Ordinary families living in countries where asbestos is banned continue to be at risk of mesothelioma or asbestosis disease from the international trade in asbestos among developing nations. Reports have emerged of children’s crayons made in China, which were found to contain asbestos fibres.

Laboratory tests carried out in the US discovered that the talc used as a binding agent in the crayons on sale in Australia contained asbestos fibres, a banned Australian import since 2004.

A range of crayons featuring favourite characters, such as Mickey Mouse, Teenage Mutant Ninja Turtles and Power Rangers as well as children’s ‘crime scene’ forensic kits are available from a number of online retailers and party suppliers.

Suspicion of likely use

It’s not the first time that China has been found exporting asbestos-containing products to Australia. Previous tests by US laboratories in 2000 discovered asbestos in crayons and in the fingerprint powder of ‘crime scene’ kits in 2007.

Since 2009, more than 25,000 Chinese cars from two different manufacturers have been imported into Australia. Growing asbestos awareness and suspicion of its likely use in the vehicles was confirmed when the deadly fibres were discovered in nearly 30 different engine gaskets and the exhaust system.

China is the world’s second biggest producer of asbestos after Russia. Latest available figures from a US geological survey, 2012, show that asbestos consumption in China and India had risen to around half a million tonnes each year, more than twice the amount of Russia, which was exporting 200,000 tonnes per annum.

Asbestos use in Asian countries rose

To date, 55 countries around the world have banned the use of asbestos fibres. Over the last ten years, attempts to include white chrysotile asbestos on a list of hazardous import substances have been repeatedly blocked by countries with economic interests in protecting their growing asbestos mining and export industries.

Countries such as Russia, China, Brazil, Kazakhstan, and until recently, Canada, are well known for continuing to mine and export white chrysotile asbestos to a number of developing nations, including India and Mexico. By 2013, worldwide production had actually risen by over 2.1 million tonnes to meet commercial demand by the building, aerospace and defence industries. Asbestos use in Asian countries rose from 47 per cent to 68 per cent between 2000 and 2012.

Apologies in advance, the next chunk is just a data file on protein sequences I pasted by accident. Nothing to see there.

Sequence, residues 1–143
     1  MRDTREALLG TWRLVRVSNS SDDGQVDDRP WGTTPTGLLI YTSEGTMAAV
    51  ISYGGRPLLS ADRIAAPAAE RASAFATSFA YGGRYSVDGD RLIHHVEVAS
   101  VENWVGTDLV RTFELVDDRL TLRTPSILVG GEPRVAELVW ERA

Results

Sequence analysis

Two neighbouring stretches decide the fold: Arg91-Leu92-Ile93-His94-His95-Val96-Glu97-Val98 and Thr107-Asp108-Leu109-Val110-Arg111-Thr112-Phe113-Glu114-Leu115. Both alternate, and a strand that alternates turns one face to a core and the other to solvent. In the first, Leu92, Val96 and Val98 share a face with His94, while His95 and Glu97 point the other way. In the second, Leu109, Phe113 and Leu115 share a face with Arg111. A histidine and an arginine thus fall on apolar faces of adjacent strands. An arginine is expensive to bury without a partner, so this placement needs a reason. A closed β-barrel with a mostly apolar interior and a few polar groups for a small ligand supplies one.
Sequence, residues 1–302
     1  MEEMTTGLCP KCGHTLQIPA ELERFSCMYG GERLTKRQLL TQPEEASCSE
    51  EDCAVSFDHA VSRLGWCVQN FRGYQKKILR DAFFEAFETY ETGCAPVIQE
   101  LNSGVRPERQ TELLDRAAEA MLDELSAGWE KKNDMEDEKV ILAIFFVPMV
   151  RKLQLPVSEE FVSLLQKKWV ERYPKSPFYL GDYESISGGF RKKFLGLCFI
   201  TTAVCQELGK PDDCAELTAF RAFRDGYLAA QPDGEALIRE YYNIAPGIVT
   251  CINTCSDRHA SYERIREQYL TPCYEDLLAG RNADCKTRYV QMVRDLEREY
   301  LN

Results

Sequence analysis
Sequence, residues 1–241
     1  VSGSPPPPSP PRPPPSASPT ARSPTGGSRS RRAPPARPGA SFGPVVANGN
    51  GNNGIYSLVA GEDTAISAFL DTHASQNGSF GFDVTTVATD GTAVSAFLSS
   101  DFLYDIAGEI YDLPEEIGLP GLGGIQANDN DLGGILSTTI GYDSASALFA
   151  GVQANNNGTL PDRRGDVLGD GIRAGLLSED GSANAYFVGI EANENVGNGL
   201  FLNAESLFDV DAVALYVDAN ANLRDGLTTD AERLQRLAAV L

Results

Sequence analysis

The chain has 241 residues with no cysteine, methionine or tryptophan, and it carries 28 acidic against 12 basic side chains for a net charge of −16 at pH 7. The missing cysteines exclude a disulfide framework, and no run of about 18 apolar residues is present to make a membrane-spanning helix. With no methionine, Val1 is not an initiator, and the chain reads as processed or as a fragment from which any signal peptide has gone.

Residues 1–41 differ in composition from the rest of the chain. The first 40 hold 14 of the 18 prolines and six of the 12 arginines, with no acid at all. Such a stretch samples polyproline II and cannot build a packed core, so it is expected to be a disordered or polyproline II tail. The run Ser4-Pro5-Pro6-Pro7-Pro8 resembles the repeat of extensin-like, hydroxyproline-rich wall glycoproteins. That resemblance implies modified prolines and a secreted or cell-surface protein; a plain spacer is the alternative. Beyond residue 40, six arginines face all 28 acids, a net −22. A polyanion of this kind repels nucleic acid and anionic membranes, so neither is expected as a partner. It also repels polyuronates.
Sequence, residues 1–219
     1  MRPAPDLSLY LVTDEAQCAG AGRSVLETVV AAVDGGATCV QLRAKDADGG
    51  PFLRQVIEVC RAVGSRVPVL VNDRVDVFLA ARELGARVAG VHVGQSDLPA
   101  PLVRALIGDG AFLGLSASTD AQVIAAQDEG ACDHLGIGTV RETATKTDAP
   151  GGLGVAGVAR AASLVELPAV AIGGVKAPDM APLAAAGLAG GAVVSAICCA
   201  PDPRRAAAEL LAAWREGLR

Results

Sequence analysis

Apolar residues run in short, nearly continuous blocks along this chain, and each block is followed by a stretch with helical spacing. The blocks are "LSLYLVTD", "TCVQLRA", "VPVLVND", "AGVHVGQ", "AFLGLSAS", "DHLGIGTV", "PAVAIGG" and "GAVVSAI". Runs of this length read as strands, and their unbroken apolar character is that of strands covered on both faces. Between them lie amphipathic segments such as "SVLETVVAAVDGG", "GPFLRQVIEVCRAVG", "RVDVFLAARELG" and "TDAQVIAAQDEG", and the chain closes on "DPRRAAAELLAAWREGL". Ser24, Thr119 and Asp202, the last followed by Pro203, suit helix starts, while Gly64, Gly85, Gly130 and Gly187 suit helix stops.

Growing risk

As figures for asbestos imports continue to spiral it is increasingly feared that there will be an impact on other countries around the world. The risk of exposure is especially acute in countries where the use of asbestos has not been banned and they do not keep a record of the incidence of mesothelioma amongst their population. Just 13 per cent of the population in China is covered by a register for cancer.

The problem of asbestos containing products made in China finding their way to countries which have banned its import, such as Australia continues to be a growing risk. In 2014, UK Trading Standards investigators found asbestos in cigarettes in the British Isles. A significant percentage of illegal and fake brand cigarettes are known to originate from China.

Of the one third of 900 million European citizens who are believed to be at risk of regular exposure, nearly 15,000 lives are lost every year to asbestos-related diseases, according to the World Health Organisation (WHO).

The estimated annual global figure for cancer fatality is 7.6 million, one-third of which is preventable, according to the Union for International Cancer Control (UICC) and the International Agency for Research on Cancer (IARC).